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What human waste can tell us about COVID-19

What human waste can tell us about COVID-19

Three UKRI-funded projects are using human waste to find out how COVID-19 persists in the guts and develop city-wide virus surveillance systems.

Human waste could have much to tell us about how COVID-19 works and help the UK and other countries develop their response strategy.

Three UKRI-funded projects are examining human waste to increase our understanding of COVID-19  on an individual and city-wide level.

BBSRC-funded study at the Quadrum Institute

Researchers at the Quadrum Institute, working with the Norfolk and Norwich University Hospital, have launched a new study to find out how often and for how long COVID-19 is present in the stool of people who have tested positive for COVID-19.

Initial studies showed that over 60 percent of COVID-19 positive patients had gastrointestinal symptoms like diarrhoea, nausea and vomiting, and the disease was found in their faecal samples.

The team now wants to collect stool and saliva samples from people who have tested positive for COVID-19. They want to find out whether and how the virus changes in saliva, the respiratory tract and the gut during infection.

Professor Arjan Narbad said: “This study will allow us to understand the ability of this virus to persist in the gastrointestinal tract both during and after the patient has recovered from symptoms of COVID 19”

Dr Ngozi Elumogo said: ““We are discovering new information about this virus all the time and it is important to find out if the virus persists in stool so that we can investigate further the possibility of faecal oral transmission, and better design methods for minimising transmission”

The study is currently recruiting patients.

A first step: Welsh wastewater study

A NERC-funded study, led by scientists at Bangor University, is sampling wastewater from households across Wales  in the hope of creating an early warning system for communities.

Professor David Jones has been working with Welsh Water and United Utilities on the project, which tracks the inactive virus through wastewater.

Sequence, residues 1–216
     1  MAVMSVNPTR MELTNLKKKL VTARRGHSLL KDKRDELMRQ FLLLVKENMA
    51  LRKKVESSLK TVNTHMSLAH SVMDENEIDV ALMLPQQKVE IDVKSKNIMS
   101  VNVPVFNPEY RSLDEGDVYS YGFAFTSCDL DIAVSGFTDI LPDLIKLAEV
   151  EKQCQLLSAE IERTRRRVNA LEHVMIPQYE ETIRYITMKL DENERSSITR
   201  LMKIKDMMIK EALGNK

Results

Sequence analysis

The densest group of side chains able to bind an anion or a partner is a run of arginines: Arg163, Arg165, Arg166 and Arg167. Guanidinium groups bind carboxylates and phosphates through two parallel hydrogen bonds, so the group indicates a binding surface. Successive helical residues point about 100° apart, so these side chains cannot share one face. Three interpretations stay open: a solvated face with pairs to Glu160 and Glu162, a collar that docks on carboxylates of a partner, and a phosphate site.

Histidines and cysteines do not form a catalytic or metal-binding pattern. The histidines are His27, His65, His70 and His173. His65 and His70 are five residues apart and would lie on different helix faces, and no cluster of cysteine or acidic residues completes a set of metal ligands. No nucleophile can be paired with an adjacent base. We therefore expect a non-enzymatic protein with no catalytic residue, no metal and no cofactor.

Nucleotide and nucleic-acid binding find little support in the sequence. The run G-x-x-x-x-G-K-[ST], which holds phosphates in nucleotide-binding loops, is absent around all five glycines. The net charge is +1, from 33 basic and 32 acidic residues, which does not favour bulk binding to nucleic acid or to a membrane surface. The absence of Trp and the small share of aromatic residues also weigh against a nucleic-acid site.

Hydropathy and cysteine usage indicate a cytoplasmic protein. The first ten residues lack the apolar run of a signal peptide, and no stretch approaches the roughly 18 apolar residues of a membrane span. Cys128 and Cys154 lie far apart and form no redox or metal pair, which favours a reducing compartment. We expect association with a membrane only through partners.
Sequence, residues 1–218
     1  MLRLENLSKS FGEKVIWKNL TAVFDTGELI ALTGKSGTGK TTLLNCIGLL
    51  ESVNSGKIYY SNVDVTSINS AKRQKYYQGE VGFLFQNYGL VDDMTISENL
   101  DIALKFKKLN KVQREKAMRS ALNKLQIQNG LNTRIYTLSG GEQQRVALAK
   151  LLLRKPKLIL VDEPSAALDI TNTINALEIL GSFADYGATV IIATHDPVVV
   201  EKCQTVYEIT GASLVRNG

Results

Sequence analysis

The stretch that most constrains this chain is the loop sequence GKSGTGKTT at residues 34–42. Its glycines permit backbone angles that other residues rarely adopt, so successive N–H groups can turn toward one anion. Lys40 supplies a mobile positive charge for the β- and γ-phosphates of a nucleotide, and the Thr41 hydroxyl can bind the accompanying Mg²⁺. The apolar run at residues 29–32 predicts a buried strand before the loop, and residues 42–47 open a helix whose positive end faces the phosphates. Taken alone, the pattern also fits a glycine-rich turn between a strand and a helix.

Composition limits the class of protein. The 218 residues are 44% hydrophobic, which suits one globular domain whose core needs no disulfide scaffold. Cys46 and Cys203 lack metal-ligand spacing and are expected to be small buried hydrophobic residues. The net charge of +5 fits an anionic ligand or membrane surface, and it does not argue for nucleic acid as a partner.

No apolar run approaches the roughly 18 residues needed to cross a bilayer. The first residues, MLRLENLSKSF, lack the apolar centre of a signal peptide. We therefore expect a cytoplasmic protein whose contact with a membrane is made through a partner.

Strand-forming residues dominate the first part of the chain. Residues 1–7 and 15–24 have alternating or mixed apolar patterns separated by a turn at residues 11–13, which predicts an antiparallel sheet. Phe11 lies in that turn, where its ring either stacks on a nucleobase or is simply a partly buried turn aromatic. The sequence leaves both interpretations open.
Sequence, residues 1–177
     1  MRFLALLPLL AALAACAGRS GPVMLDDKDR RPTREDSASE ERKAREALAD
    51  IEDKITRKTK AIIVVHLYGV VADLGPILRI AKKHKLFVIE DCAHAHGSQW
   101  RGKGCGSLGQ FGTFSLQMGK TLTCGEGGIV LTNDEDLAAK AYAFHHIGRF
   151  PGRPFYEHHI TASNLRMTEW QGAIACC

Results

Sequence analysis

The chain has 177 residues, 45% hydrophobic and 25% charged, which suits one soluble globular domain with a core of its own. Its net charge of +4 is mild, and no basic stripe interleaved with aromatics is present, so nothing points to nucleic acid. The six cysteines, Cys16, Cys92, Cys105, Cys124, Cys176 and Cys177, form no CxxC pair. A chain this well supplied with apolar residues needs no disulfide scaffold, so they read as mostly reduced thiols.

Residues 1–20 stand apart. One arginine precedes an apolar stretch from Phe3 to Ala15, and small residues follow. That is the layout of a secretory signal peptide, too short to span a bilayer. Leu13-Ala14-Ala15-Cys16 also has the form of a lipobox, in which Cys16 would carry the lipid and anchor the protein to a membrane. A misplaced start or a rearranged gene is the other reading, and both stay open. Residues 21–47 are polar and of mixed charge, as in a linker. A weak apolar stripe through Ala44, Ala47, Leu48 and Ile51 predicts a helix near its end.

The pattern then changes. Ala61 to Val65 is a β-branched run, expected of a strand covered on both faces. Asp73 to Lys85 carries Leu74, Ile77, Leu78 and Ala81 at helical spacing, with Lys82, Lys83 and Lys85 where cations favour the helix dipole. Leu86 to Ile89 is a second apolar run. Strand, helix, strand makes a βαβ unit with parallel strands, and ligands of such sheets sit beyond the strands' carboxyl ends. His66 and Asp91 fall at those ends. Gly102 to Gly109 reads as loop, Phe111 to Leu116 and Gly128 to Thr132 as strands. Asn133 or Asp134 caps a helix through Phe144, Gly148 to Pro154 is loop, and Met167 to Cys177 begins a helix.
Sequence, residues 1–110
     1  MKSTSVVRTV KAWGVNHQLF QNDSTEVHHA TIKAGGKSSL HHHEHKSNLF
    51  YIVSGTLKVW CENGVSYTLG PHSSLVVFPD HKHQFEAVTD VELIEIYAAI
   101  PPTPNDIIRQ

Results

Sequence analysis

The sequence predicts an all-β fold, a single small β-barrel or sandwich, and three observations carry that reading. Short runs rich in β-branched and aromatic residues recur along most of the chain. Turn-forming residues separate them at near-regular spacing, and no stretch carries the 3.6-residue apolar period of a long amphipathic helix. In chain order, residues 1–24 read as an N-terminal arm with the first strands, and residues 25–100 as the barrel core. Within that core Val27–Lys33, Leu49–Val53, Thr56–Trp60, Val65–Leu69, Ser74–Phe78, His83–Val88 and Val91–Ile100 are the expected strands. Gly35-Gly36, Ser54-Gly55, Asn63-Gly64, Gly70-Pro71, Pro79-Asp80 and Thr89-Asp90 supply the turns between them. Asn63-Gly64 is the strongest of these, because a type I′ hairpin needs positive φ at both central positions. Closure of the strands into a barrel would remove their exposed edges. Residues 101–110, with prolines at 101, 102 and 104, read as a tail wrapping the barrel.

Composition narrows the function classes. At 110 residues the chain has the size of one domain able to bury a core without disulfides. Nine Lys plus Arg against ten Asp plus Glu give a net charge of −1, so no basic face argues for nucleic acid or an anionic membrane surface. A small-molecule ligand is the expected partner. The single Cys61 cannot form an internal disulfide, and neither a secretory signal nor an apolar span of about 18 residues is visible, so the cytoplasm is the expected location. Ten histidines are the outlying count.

Professor Jones says that whenever a person with COVID-19 goes to the toilet they pass the virus, at that point inactive and non-infectious, into the sewer network.

The team has already detected different levels of the virus across Wales by rapidly sampling wastewater from treatment works.

In around 48 hours, the team can get an idea of whether the number of infections is increasing.

The team hopes to extend the project and work with other water companies to expand the surveillance network to other regions of the UK.

A UK system to estimate COVID-19 cases from wastewater

Another NERC-funded project is underway to develop a standardised, UK-wide system for detecting coronavirus in wastewater. This project is led by scientists from the UK Centre for Ecology and Hydrology.

The system could provide an early warning of future outbreaks and reduce reliance on costly testing of large populations.

Sampling, testing and scientific modelling methods will be developed during the project, which will run until October 2021. The methods will be adopted by government agencies and scientists across the UK and inform the UK national surveillance programmes recently announced by Defra and the Scottish and Welsh governments.

The ‘canary in the coal mine’

Dr Andrew Singer of UKCEH said: “Several studies have shown that the RNA of SARS-CoV-2 - the genetic material of the virus - can be detected in wastewater ahead of local hospital admissions, which means wastewater could effectively become the ‘canary in the coal mine’ for COVID-19 and other emerging infectious diseases.

“By sampling wastewater at different parts of the sewerage network, we can gradually narrow an outbreak down to smaller geographical areas, enabling public health officials to quickly target interventions in those areas at greatest risk of spreading the infection.”